Port State Control Initiative In April 1994, the U.S. Coast Guard (USCG) instituted what is deemed by many to be the most rigorous program in the world for eliminating substandard vessels from U.S. waters. The program, called the Port State Control Initiative,
Global Transport Organisation, San Francisco, has formed a separate division for international tug and barge transports which will be headed by G.A. Watkins, according to a recent announcement by Leo L. Collar, chairman of GTO's Management Committee.
Maxon Marine Industries, Inc., Tell City, Ind., recently delivered the M/V Joe Al Jim II to J.L. Shiely Company, St. Paul, Minn. The towboat is 72 feet 6 inches by 19 feet by 7 feet 6 inches, and has an operating draft of 5 feet. It is equipped with two Caterpillar Model D353 T.
Agri-Trans Corporation, a barging cooperative which transports grain and chemical fertilizer products on the inland waterways, recently christened a new 3,700- hp locking river towboat, the M/V Cooperative Venture. Mrs. Georgeanna Werner, wife of Melvin Werner,
The M / V Exxon Lake Charles was delivered recently by Hillman Barge and Construction Company, Brownsville, Pa. 15417. This is the third of five such towboats being constructed by Hillman Barge for Exxon Company, U.S.A. The first two are the Exxon Louisville and the Exxon Memphis,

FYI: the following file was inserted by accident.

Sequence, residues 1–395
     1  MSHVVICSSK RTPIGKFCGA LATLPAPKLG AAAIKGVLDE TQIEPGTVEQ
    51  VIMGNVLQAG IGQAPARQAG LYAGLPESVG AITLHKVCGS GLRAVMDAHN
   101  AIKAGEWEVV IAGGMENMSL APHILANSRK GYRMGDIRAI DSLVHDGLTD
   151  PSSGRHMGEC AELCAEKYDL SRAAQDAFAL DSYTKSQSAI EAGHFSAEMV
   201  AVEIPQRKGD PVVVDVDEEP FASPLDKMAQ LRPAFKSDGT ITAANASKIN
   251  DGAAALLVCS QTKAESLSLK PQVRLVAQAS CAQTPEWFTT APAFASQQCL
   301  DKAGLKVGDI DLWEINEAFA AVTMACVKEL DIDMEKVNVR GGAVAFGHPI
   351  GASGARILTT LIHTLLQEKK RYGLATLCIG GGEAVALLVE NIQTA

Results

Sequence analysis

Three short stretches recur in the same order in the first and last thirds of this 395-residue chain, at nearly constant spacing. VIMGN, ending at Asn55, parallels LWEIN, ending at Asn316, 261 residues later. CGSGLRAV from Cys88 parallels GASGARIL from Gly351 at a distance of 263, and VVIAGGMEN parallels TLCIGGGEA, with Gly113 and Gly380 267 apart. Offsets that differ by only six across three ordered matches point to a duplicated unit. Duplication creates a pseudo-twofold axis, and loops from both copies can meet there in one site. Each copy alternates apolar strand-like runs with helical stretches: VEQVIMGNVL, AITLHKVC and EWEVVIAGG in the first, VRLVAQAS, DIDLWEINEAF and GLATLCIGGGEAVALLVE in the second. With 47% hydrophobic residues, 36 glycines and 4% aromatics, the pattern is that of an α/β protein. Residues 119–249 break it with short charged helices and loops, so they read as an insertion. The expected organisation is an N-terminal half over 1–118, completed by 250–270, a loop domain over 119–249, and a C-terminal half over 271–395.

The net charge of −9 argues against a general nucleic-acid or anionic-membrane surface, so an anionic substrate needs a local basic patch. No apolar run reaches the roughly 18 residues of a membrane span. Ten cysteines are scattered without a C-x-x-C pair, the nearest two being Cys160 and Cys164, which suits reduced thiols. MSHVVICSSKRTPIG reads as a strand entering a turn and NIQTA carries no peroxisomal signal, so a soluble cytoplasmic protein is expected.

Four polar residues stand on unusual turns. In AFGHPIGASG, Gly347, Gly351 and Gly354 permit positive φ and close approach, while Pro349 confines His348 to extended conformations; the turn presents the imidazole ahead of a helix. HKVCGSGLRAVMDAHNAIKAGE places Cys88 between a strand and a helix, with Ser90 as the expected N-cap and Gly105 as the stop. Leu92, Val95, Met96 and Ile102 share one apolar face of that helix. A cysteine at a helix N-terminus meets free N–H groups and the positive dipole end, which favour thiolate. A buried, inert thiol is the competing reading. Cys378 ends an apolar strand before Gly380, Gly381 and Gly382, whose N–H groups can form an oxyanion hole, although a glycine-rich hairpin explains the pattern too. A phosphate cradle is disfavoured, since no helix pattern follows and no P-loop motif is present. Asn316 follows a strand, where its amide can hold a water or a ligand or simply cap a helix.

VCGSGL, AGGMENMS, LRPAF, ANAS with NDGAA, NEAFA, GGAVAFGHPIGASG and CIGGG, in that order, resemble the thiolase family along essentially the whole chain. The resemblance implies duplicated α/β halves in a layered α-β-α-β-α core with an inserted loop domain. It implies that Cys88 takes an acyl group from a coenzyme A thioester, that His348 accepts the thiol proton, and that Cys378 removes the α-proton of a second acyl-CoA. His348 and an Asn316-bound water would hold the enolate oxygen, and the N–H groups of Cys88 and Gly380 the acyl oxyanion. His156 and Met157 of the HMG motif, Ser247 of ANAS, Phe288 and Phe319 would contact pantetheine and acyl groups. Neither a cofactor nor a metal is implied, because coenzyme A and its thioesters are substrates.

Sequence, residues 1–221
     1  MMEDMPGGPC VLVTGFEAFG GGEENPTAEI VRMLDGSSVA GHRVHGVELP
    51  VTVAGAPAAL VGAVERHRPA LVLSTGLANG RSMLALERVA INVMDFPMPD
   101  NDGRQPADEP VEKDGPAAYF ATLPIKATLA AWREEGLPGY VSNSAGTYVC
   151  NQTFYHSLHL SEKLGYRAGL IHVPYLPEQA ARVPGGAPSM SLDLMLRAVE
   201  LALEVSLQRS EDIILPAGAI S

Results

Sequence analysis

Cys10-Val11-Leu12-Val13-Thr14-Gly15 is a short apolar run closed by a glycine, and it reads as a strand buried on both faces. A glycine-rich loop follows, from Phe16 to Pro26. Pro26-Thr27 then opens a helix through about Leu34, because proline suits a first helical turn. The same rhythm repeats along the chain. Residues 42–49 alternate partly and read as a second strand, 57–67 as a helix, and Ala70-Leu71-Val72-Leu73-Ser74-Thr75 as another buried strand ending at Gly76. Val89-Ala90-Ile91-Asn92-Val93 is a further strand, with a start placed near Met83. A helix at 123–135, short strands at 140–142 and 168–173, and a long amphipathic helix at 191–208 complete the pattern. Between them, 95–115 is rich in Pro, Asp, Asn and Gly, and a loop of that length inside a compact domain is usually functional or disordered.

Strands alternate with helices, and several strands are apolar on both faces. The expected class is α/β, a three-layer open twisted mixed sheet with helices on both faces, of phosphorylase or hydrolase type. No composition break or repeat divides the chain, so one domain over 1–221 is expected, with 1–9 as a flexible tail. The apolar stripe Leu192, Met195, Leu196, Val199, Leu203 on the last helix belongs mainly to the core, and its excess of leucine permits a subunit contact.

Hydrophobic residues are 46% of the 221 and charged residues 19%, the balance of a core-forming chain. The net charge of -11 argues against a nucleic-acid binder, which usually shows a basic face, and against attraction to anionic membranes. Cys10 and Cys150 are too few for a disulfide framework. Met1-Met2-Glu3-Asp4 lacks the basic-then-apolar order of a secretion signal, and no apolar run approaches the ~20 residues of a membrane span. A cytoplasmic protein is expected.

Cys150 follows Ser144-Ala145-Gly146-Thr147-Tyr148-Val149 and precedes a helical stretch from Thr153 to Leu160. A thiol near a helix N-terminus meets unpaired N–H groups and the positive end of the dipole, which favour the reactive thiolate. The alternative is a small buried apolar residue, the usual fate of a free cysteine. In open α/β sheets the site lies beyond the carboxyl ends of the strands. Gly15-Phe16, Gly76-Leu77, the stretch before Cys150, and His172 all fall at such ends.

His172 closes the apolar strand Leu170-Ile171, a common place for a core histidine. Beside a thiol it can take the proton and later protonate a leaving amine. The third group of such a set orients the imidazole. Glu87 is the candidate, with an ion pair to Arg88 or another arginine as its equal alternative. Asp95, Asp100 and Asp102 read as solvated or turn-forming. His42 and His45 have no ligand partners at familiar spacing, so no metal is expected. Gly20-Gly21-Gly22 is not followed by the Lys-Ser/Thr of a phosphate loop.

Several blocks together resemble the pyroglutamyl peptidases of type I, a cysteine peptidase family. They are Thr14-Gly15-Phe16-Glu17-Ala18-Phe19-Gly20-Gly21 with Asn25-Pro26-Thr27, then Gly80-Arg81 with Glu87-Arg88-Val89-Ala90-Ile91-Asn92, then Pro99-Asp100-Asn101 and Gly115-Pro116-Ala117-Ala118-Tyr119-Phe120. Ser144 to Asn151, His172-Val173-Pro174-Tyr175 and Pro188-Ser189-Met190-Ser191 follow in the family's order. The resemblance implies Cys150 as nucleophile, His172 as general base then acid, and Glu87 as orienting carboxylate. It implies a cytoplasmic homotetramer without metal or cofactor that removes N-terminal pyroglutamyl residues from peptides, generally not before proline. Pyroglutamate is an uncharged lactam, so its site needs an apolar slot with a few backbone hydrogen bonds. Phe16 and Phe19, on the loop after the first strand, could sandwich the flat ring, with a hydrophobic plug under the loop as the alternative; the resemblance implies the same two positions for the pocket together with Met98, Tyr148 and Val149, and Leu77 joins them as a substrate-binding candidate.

A superbarge, capable of carrying as much cargo as a World War II Liberty ship, is the mainstay of a new shipping service between the Port of Oakland, Calif., and Hawaii. Paclines, operator of the service, employs a barge 336 feet long and 98 feet wide,
A Canadian company, Mari time Industries Ltd. of Burnaby British Columbia, has been award ed a U.S. Navy contract to supplj 20 of its Mariner L-295 steerabk propeller propulsion units. Value of the contract is $l/i million, and is the second substantial contract
Dravo Corporation's Neville Island shipyard near Pittsburgh, Pa., recently launched its 40th Viking-class towboat, the Ned C. Sheats. The 5,600-hp towboat is the latest in the Viking line, which began in 1972 in response to the need for increased productivity in river transportation.